While protests against police brutality continue to escalate around the country, the people who have recently lost loved ones are formulating a plan to combat the ongoing issue.

In a statement to Blavity, the families of Breonna Taylor, Ahmaud Arbery and George Floyd announced their call to action. As part of their effort to end violence against Black people and hold police accountable for their actions, the families announced that they are looking to present bipartisan legislation at a congressional hearing.

“We’re devastated about the senseless violence that has broken the hearts of our families,” the families said in a joint statement. “While we are grateful for the outpouring of love and support, it’s important that now — more than ever — we use our voices to enact change, demand accountability within our justice system and keep the legacies of Breonna, Ahmaud and George alive. This is a national crisis and our government needs to take immediate and widespread action to protect our Black and brown communities.”

In addition to seeking a congressional hearing, the families plan to address the United Nation Human Rights Committee, demanding sweeping changes to the country's criminal justice system. And there's still more coming from the families as they declare a state of emergency and plan national sanctions such as boycotts, travel embargoes and corporate withdrawal in the areas where they lost their loved ones.

Arbery was gunned down by a white former police officer and his son in Brunswick, Georgia, in February, as Blavity previously reported. Breonna Taylor, 26, was shot and killed by police in Kentucky while sleeping in her apartment with her boyfriend in March. George Floyd, 46, was killed by a Minneapolis police officer who pressed his knee into the neck of the unarmed Black man for several minutes.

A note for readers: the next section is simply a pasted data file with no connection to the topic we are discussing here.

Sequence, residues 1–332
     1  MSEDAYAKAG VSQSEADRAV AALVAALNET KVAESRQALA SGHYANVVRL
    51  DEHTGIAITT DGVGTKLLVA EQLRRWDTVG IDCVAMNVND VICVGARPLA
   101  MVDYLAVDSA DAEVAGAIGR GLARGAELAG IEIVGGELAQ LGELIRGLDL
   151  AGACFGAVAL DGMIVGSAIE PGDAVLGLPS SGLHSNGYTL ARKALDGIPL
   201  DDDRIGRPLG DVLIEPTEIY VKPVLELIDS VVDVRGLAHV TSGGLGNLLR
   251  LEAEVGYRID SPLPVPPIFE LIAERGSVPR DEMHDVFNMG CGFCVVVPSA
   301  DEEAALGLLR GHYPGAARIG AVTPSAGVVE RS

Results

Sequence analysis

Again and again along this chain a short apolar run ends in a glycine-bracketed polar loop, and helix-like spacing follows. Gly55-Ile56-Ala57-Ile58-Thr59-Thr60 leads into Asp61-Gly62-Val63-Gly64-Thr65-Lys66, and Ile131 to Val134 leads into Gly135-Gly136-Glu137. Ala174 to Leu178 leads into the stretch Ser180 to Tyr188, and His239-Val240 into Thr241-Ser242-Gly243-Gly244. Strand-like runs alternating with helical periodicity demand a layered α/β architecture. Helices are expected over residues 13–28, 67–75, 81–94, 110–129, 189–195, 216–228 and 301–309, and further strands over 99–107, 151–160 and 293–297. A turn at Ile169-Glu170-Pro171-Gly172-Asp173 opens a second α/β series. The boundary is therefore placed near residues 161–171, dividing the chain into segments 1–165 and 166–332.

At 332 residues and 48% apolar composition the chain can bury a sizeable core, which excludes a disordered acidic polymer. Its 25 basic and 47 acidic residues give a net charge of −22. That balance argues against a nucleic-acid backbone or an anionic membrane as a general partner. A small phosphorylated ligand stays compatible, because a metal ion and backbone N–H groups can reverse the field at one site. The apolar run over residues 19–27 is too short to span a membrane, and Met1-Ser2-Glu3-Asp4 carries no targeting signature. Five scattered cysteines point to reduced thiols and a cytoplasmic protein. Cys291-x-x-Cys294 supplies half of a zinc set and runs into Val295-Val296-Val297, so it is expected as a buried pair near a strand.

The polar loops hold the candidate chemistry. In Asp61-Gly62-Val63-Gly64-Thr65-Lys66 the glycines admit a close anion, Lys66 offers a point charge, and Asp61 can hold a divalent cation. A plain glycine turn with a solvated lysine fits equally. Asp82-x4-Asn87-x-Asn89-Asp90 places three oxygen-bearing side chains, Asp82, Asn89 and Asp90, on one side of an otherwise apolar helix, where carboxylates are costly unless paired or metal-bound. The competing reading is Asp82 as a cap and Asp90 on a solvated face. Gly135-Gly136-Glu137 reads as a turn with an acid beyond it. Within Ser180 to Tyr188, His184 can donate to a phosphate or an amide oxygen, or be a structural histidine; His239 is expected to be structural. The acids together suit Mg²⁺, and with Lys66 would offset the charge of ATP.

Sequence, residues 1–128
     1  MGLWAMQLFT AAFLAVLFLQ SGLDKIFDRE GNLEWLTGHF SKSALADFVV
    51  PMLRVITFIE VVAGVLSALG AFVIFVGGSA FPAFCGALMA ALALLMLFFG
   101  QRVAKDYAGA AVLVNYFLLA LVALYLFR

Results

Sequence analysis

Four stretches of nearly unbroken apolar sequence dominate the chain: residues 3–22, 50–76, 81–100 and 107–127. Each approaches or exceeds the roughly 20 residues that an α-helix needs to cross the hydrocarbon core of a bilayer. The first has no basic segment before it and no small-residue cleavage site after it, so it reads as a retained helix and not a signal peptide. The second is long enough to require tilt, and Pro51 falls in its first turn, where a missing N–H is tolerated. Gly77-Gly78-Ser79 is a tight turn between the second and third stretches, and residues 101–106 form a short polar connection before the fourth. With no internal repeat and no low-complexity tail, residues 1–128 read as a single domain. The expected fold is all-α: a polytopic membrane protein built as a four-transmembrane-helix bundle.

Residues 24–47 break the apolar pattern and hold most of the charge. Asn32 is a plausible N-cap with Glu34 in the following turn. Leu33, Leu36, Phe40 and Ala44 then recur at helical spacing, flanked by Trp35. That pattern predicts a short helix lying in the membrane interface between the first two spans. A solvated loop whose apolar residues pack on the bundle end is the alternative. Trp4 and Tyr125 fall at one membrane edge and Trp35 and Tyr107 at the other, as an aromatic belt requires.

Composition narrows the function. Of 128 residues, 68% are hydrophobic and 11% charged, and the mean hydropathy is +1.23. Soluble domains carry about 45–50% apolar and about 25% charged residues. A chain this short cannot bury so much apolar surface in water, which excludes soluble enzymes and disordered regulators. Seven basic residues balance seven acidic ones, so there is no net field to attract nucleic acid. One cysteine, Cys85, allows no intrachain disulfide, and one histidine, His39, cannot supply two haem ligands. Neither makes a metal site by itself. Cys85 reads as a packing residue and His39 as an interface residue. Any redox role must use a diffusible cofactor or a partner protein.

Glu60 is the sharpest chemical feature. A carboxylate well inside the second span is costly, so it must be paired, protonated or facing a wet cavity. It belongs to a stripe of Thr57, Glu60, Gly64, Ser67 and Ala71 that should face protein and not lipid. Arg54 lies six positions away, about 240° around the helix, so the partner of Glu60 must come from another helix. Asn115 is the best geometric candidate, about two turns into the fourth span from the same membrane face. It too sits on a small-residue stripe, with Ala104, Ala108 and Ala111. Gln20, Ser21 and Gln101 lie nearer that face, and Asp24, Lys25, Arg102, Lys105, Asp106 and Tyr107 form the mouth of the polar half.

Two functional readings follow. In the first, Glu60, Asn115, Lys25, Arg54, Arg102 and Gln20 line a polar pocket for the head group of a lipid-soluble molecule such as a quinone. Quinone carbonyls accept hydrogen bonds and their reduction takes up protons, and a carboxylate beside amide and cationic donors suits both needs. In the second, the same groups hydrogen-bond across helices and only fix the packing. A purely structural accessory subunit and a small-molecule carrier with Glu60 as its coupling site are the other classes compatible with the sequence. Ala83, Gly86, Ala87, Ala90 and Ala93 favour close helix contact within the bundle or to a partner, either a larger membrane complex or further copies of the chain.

Attorneys S. Lee Merritt and Ben Crump, who are representing the families, spoke at a press conference on Friday with CNN's Van Jones.

"We are asking grassroots organizers and community members from all over the country to come together in a task force as we begin to map out our own solutions," Merritt said. "We will be asking for economic boycotts and sanctions in these communities where these atrocities continue to occur." 

Merritt said he tries his best to communicate the energy and message the families are trying to get out into the world.   

"It's not about myself or Benjamin Crump or the many grassroots organizations that have gotten behind the cause for justice," Merritt said. "But the experience of heartbroken families." 

In the case of Arbery, Merritt said there were no arrests made for almost three months after he was killed in February. The attorney added that Arbery's mother was told that her son was killed by a homeowner during a burglary. 

"She rejected that claim and worked tirelessly to expose what really happened to her son," Merritt said. 

For the families of so many victims, Merritt said the system has been "incompetent or unwilling to provide justice."